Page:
The Ultimate ‘Spine Sweat’ Experience: When MBAs Pitch Silicon Valley VCs

Sean Taylor pitching his app to more efficiently match would-be apartment tenants to real estate brokers

Sean Taylor pitching his app to more efficiently match would-be apartment tenants to real estate brokers

Sean Greer came to Silicon Valley in a dark blue suit, a crisply pressed white shirt and a bright yellow tie. Facing a group of five venture capitalists and angel investors, the MBA student comes off as an earnest and passionate young man of 29 years.

Unlike most of his classmates, he has already launched a startup, a home healthcare company that broke even within four and one-half months of its launch in October of 2013 and in its first year boasted 30% profit margins. The firm, Commonwealth Care Group in Charlottesville, Va., runs out of several locations, all in Virginia. What Greer is now proposing is a growth plan based on franchising that would take him into new states. But the skepticism in the room on this sunny day in early April is palpable.

“Sean, you’re being very naive,” confides one of the VCs listening to the pitch. “You’ve only done this with three or four locations. You don’t have anything franchise-able, and you have disregarded a lot of things, like senior housing.”


Undaunted, Greer takes in the criticism and steers ahead with his presentation. He’s an MBA student at Indiana University’s Kelley School of Business, and he’s here in Silicon Valley as part of a Venture Challenge course in entrepreneurship. But what makes his appearance here a little more unusual than the more typical MBA immersion on the West Coast is the fact that he is a student in an online MBA program, Indiana’s Kelly Direct MBA offering.

The idea to come to Silicon Valley for a no-holds-barred assessment of their business plans came from the students themselves. “This is student-driven innovation,” says Phil Powell, the faculty chair of the Kelley Direct program. Annual admissions to the program rose by 27% to 292 from 230 for 2014-2015, with the average GMAT score up 17 points. So far, admissions acceptances for the fall of this year are tracking 40% higher with average GMATs in the upper 630s. Kelley now has 812 students in its online MBA program and another 162 in its online MS offerings. A new online MS program in entrepreneurship and innovation launches this fall.

The school’s strategy is to transfer core components of the residential MBA program into the online environment to deepen student and faculty engagement. To that end, Powell has added several immersion trips, to Chicago for consulting and to Silicon Valley for entrepreneurship. Others are planned for brand management in New York and perhaps corporate finance in Charlotte. The goal is to build up to a pair of three-day immersion classes per term targeted toward career switchers to give them networking and action learning opportunities rarely provided in an online format. The school also has funded eight different online student organizations and clubs, including one devoted to entrepreneurship. “They said, ‘Phil, put us in front of VCs. We want to pitch our ideas and get real feedback.’”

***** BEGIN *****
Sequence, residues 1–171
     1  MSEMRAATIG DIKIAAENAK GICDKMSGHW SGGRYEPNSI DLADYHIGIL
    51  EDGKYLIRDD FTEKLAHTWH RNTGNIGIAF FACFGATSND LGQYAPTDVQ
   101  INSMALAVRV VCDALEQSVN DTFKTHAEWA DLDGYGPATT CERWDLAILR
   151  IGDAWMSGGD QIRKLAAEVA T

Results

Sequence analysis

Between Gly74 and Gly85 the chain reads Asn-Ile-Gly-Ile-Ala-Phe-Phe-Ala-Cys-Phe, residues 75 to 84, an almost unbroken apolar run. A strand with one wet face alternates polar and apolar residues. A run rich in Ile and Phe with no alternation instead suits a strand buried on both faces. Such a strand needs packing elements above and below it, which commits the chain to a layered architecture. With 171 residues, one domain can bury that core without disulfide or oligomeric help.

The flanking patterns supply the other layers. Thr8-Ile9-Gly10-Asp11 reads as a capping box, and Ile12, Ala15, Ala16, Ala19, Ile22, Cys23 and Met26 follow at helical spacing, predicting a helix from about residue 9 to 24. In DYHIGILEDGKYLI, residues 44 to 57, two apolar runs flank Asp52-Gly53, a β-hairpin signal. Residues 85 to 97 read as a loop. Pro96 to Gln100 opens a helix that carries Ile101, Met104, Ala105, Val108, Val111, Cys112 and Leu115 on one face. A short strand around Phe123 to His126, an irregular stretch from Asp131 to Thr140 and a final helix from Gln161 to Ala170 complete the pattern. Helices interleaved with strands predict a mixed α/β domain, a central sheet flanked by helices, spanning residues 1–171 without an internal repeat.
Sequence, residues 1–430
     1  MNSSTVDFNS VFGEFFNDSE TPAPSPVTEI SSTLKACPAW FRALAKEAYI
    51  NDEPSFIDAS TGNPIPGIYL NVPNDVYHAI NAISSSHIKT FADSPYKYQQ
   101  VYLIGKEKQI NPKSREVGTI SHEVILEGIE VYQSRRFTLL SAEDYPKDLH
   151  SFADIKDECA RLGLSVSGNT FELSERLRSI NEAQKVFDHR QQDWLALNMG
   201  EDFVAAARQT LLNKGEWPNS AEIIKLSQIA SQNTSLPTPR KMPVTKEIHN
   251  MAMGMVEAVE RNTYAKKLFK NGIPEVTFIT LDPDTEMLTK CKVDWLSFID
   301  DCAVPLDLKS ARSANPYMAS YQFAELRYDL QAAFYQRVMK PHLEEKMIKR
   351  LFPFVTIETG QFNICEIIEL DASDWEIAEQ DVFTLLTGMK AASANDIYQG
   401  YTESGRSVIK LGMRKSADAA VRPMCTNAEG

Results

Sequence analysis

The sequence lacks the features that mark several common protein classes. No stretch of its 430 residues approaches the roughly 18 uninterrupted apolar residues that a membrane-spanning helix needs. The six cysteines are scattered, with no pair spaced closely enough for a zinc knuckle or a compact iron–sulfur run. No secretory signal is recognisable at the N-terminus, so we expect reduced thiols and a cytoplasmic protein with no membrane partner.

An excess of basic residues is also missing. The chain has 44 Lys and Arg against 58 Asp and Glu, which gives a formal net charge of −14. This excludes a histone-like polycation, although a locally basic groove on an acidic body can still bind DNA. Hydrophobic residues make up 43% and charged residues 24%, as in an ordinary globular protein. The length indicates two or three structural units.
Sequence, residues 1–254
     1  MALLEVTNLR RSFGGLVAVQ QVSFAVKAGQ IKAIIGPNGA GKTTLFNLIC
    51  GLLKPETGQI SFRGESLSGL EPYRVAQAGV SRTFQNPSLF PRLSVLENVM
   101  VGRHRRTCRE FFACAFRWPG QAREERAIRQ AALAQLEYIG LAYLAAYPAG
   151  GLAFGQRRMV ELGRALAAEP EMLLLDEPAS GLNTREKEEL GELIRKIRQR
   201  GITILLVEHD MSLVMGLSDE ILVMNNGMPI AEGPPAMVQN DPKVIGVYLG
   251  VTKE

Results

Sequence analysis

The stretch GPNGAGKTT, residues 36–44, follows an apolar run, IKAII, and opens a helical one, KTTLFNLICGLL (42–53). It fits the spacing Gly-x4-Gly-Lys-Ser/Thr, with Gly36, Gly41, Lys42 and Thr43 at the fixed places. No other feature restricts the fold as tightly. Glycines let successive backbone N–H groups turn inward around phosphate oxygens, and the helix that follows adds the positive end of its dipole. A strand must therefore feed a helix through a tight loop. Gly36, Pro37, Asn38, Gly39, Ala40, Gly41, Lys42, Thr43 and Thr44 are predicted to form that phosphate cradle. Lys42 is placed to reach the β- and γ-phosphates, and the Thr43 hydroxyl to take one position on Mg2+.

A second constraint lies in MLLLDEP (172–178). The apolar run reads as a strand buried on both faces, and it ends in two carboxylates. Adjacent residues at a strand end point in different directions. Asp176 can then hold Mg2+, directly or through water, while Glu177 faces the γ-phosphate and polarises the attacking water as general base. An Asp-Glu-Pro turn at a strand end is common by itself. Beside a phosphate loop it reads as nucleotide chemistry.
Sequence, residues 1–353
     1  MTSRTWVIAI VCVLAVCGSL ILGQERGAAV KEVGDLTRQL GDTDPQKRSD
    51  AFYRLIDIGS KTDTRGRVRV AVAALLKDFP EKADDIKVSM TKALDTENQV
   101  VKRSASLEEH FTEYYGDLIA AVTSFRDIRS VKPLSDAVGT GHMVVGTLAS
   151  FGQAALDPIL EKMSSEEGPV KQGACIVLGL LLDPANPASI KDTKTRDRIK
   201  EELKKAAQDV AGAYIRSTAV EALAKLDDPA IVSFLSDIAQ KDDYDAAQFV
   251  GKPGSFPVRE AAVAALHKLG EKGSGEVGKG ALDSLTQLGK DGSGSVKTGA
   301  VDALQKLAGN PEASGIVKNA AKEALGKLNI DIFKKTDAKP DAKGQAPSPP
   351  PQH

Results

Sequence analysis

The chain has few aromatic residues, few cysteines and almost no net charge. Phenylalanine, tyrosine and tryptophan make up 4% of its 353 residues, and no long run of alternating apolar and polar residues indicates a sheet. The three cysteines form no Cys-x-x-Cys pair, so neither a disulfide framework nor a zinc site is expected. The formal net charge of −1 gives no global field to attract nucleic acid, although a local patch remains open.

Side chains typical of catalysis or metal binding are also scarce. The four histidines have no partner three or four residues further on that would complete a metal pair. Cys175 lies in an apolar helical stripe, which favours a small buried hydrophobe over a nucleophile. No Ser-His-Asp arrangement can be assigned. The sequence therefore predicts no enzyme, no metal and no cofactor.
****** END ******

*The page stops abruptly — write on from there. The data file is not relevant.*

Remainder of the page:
So Kelley began planning this two-day excursion to Silicon Valley, asking members of its West Coast advisory board to sit in, listen and provide feedback to students courageous enough to air out their ideas. The school paid roughly half the travel costs of the students. In all, some 14 Kelley Direct MBA candidates made the trek, from Connecticut, Virginia, Illinois, Ohio, Washington, California, and Indiana. To insure that this was not just an exercise in tourism, the school told the VCs to act as if they were judging any founder who walked into their offices with a business plan. The grade for the entire course is based on their pitches and given to them by the judges—not the faculty.

“This is not for the feint of heart,” maintains Powell. “If you’re going to take entrepreneurship, the course itself should be about risk-taking.”

Each MBA has 20 minutes to present and another 20 minutes to be grilled by the VCs. They are scored on a half dozen attributes: the clarity of the presentation, the uniqueness of the concept, its market and financial feasibility, the business and operational strategy, and the responses to the judges’ questions. The business ideas run the gamut from new dog treats and a low-cost power generator for Nigeria to a home health care service and a novel way to sell and promote music via inexpensive Mp3 players. They are judged by a group of 10 Silicon Valley veterans, who include Sanjay Subhedar, founder and principal of Storm Ventures, Richard Roethke, founder and CEO of Barrington Management Co., Greg Becker, president and CEO of Silicon Valley Bank, and Diane Dudeck, senior director of strategy, planning and operations at Cisco.


Before making the West Coast trip, students had five-to-six weeks to create their pitches and rehearse them. The group arrived on a Wednesday night, spent all of Thursday in a rehearsal before three members of the Kelley faculty at the Hilton Garden Inn in Mountain View, and then face the real music on a Friday afternoon. That’s when the students and faculty converge in a cavernous conference room at the Plug And Play Tech Center in Sunnyvale for the pitches.

“They came in with a lot of research and prepared presentations,” says Donald F. Kuratko, an entrepreneurship professor who directs the school’s Entrepreneurial Innovation Academy.

“They started out being overly technical and trying to provide too much information. We had to get them to just tell their stories.” During the full-day tryouts, the professors would frequently stop students mid-way into their pitches, providing detailed criticism that ranged from taking a slide or two out of a PowerPoint to rearranging the entire order of a presentation.

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